Creating Topology

There are two ways to create a topology within your testscript:

  1. create each testbed object from topology module classes and craft their interconnects together manually (eg, by assigning interfaces to each device).

  2. create a YAML testbed description file, and load it using the topology loader function.


Unless you need to create topology on the fly, the better option is always to use YAML files to specify your topology.


You can pass in a testbed YAML to pyats run job using the --testbed-file option, which automatically invokes topology.loader to load the YAML file and pass the testbed object to your script. The value following --testbed-file can be a file path or a URL.

Testbed File

Most users will most likely be running their testscripts using a testbed file as input, and relying on the loader to convert the YAML description into testbed objects.

# Examples
# --------
#   starting scripts using pyats run job and passing in testbed file/url
#   using --testbed-file argument

pyats run job --testbed-file /path/to/my/testbed/file/testbed.yaml

pyats run job --testbed-file "https://<url>/testbed.yaml"

Easypy then invokes topology module to load and convert this information into topology object instances, and pass it to the user script. For example, in aetest the provided testbed object is accessible using the testbed parameter.

Internally, the following is really what happened:

# Details
# -------
#   how testbed file was loaded into testbed object

from pyats.topology import loader

# load testbed file
testbed = loader.load('/path/to/my/testbed/file/testbed.yaml')

# voila!

topology.loader.load() API takes in a loadable input (such as path to a YAML testbed file or a URL to a YAML testbed file), parses the information, and makes appropriate Class constructor calls to construct the corresponding objects, including building the topology interconnect relationships.

Testbed files need to follow the standard testbed-file format (a.k.a schema). The Topology Schema controls how and what information can go into each testbed file, and provides standard best practices so that testbed description is unanimous for all.


when topology.loader loads a testbed file, if the testbed name is not specified within testbed: section, the loader substitutes the file name as the testbed name, with prefix/post-fix such as CONFIG. and .yaml trimmed.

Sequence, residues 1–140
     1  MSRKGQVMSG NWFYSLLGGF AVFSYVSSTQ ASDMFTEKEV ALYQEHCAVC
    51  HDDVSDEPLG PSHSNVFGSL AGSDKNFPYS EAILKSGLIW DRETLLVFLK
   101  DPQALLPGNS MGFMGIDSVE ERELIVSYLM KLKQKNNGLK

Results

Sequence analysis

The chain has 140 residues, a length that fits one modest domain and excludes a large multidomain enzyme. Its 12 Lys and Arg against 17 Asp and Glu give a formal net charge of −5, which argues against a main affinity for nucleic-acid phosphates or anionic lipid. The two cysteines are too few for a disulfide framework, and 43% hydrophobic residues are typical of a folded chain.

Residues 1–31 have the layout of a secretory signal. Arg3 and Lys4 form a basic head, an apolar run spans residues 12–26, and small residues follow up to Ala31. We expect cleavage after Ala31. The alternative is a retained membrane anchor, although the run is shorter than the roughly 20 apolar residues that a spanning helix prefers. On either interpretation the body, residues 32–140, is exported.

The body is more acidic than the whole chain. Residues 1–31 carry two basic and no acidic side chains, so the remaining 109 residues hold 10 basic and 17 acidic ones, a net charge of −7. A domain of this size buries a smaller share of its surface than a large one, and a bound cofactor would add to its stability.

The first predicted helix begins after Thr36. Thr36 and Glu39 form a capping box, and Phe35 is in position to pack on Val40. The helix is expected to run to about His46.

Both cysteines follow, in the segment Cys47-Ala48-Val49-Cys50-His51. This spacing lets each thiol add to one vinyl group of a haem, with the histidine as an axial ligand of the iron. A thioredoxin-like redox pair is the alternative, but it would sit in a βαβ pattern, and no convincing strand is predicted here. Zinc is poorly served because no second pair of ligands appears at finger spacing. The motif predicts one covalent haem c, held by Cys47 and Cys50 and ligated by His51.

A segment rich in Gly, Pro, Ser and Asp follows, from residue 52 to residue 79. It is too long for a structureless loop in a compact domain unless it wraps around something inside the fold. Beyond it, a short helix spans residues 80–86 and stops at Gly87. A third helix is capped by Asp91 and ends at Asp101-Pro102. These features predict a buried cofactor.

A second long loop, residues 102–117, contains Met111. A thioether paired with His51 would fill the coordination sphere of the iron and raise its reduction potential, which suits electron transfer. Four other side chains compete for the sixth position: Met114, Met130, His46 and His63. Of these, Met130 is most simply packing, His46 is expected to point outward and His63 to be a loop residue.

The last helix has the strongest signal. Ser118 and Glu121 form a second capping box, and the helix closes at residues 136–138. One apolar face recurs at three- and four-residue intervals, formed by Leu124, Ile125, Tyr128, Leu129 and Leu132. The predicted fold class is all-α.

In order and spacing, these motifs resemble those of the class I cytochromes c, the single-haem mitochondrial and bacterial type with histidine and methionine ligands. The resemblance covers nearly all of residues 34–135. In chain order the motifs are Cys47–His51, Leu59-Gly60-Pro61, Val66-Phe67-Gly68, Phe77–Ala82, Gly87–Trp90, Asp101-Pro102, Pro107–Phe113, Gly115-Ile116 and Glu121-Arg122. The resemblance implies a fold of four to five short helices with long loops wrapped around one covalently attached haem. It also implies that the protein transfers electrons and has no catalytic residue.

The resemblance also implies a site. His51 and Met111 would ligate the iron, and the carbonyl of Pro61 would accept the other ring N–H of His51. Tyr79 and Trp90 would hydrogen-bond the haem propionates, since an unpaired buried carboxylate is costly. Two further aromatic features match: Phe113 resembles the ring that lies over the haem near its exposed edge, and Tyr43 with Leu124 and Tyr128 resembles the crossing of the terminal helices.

there may be cases where users wishes to perform their own loading of the testbed file, or in rare cases, deal with more than one testbed at a time per script. In those cases, use the topology.loader.load() API to facilitate the conversion of testbed file to objects.

Testbed File Markups

See YAML File Markups

Manual Creation

If needed, you can always create and/or manipulate testbed objects manually. This is the better option when you need to add or remove testbed components on the fly.

# Example
# -------
#   creating a simple testbed topology from scratch

# import testbed objects
from pyats.topology import Testbed, Device, Interface, Link

# create your testbed
testbed = Testbed('manuallyCreatedTestbed',
                  alias = 'iWishThisWasYaml',
                  passwords = {
                    'tacacs': 'lab',
                    'enable': 'lab',
                  servers = {
                    'tftp': {
                        'name': 'my-tftp-server',
                        'address': '',

# create your devices
device = Device('tediousProcess',
                alias = 'gimmyYaml',
                connections = {
                    'a': {
                        'protocol': 'telnet',
                        'ip': '',
                        'port': 80

# create your interfaces
interface_a = Interface('Ethernet1/1',
                        type = 'ethernet',
                        ipv4 = '')
interface_b = Interface('Ethernet1/2',
                        type = 'ethernet',
                        ipv4 = '')

# create your links
link = Link('ethernet-1')

# now let's hook up everything together
# define the relationship.
device.testbed = testbed
device.add_interface(interface_b) = link = link

Note that in the example above, a very simple testbed of one device and two interface connected in a loopback configuration is performed. We also gave it some information w.r.t. how to connect to it, as well as interface ip and tftp information. Before we bore you out - this didn’t even use up half the available properties and arguments to creating each testbed object. The point is to show you that it can be done, though a bit tedious.

Note also that the above approach chose to create all objects first, and then connecting them together after. You can also choose to do it dynamically, for example, creating Device objects and using its interfaces argument to pass in its interface objects from the start. As well, all object properties, such as Testbed.tacacs, can be updated/changed after object is created.


testbed object creation should be automatable quite easily. you can write your own loader classes to do the load of your own custom testbed files.